Sunday, August 22, 2021

Genghis Khan vs. the British Empire

What did you learn about Genghis Khan invading Europe? I remember general horror at hundreds or maybe thousands of people being slaughtered at a time, cities being encircled by "the horde" and starved until they surrendered, only to have their home places pillaged.

We were taught the Mongols were savages, right?

I was thinking of that when when I read a long Twitter thread by Justin Podur, associate professor at York University's Faculty of Environmental and Urban Change in Toronto, about the history of colonialist war in Afghanistan.

The part that made me think of the Mongols was the first few years of the British attack. Here's how Podur described it:

[In 1839] the British brought their own candidate, Shah Shuja, to take over the throne in Kabul. They invaded from India and used mostly Indian troops (who were given lower rations and treated according to strict racist hierarchy).

In the process of imposing Shuja they committed rapes, looting, massacres. They kidnapped women including from families of their allies. They blew Afghans out of cannons (a move they made more famous in 1857 India)....

But the British lost control of Kabul and were driven into retreat. On the retreat they committed even worse atrocities, including against their Indian troops, and massacred their own camp followers. They do a long march to Jalalabad where many of them die.

The king they put on the throne, Shah Shuja, was assassinated in 1842.

Imperialists squeezed a lot of self-victimization propaganda out of this retreat, then and since. It is from this war, in which the British committed horrific atrocities invading and occupying Afghanistan, that the British coined this "Graveyard of Empires" crap.

And it is crap. The idea, repeated over and over, is to portray those being invaded, occupied, massacred, raped, and stolen from as uniquely savage, frightening, implacable, and deadly. So it's not about the crimes the British committed, but about how scary the victims were.

Anyway, the British regrouped and created an "Army of Revenge" to get "revenge" against the Afghans for driving them out (even though they were the massacring, raping, looting invaders).

The British destroy Ghazni. One writer says: “The British army left Ghazni as a heap of ruins as the sun set on the city of the Shah of Shahs, Ghazni was lost in the darkness of the night to be forgotten by history.”

British destroy: "Our way of destroying the country is very simple, merely cutting a ring through the bark of every tree. This ruins the country completely as the trees die directly and the inhabitants live principally on dried fruit and flour made from the dried mulberry.”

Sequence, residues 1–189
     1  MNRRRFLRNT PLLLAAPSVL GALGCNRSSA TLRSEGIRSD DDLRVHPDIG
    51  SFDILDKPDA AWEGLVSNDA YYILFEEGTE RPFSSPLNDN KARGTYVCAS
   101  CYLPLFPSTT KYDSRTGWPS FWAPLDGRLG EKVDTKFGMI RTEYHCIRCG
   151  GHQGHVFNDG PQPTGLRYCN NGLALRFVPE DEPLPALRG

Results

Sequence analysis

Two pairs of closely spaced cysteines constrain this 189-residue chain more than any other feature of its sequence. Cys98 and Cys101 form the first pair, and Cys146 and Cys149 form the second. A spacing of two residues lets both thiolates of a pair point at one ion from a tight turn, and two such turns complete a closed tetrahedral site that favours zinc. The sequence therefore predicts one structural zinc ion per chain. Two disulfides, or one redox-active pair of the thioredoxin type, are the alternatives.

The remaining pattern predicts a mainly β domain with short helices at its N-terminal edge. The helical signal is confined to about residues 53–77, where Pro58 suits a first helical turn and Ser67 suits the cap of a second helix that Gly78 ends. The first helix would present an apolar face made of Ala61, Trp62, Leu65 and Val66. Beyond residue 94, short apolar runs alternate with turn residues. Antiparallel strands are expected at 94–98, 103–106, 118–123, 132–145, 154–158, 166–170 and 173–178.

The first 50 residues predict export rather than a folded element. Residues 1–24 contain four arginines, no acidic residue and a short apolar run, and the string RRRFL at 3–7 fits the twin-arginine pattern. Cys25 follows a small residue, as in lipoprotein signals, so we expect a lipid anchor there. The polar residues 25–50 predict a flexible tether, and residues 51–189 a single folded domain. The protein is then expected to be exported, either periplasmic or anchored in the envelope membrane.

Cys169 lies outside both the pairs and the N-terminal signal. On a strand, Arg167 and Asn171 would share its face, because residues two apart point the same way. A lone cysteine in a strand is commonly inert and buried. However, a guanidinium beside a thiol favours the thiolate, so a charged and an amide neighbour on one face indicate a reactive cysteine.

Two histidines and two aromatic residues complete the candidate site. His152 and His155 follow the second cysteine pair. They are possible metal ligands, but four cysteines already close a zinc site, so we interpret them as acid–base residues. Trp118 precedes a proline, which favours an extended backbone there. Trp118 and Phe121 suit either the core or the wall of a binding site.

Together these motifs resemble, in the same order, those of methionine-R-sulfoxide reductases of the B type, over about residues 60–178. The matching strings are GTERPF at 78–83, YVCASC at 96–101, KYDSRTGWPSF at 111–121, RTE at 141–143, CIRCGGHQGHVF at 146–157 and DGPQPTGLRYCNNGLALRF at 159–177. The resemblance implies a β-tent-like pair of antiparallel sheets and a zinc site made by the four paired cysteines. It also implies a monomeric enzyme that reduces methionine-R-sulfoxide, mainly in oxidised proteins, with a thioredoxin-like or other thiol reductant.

The destruction is the point: “‘every house was destroyed, every tree barked or cut down; after which the detachment having collected a considerable spoil of bullocks, sheep, and goats, marched back to camp’”

Neville Chamberlain reports of a village where all males over puberty were bayoneted, the women were raped and their goods plundered: “This is one of the most beautiful valleys in Afghanistan, but we left it a scene of desolation”

Reverend Allen: “One woman was the only live thing in the fort. She was sitting, the picture of despair, with her father, brother, husband and children lying dead around her.”...

They take Kabul and commit another mass atrocity, rape, murder, indiscriminate killing, enslaving and trading of women, burning of wounded people alive. “Many a hiding mother hen and newborn infant died. But such things like these you know must be at every famous victorie.”

More on Kabul: “All day the sack went on, and great booty did the captors get, rich dresses, shawls, carpets, silks, horse trappings, arms, emblazoned Korans, etc”

They leave Jalalabad “a smoking mass of ruins”.

Podur's thread continues with much more that happened after this first wave of British atrocity, leading to Afghanistan today.

I'm not saying that these British acts were much different from how American troops dealt with Indigenous peoples across North America, or how other colonialist powers behaved elsewhere. Podur's description is just one example that is in front of me today.

But remember the story we were told in school about Genghis Khan, the barbarian, with his horde. They were set out as uniquely terrible, for trying to create an empire, like the British.

Who did that story serve?

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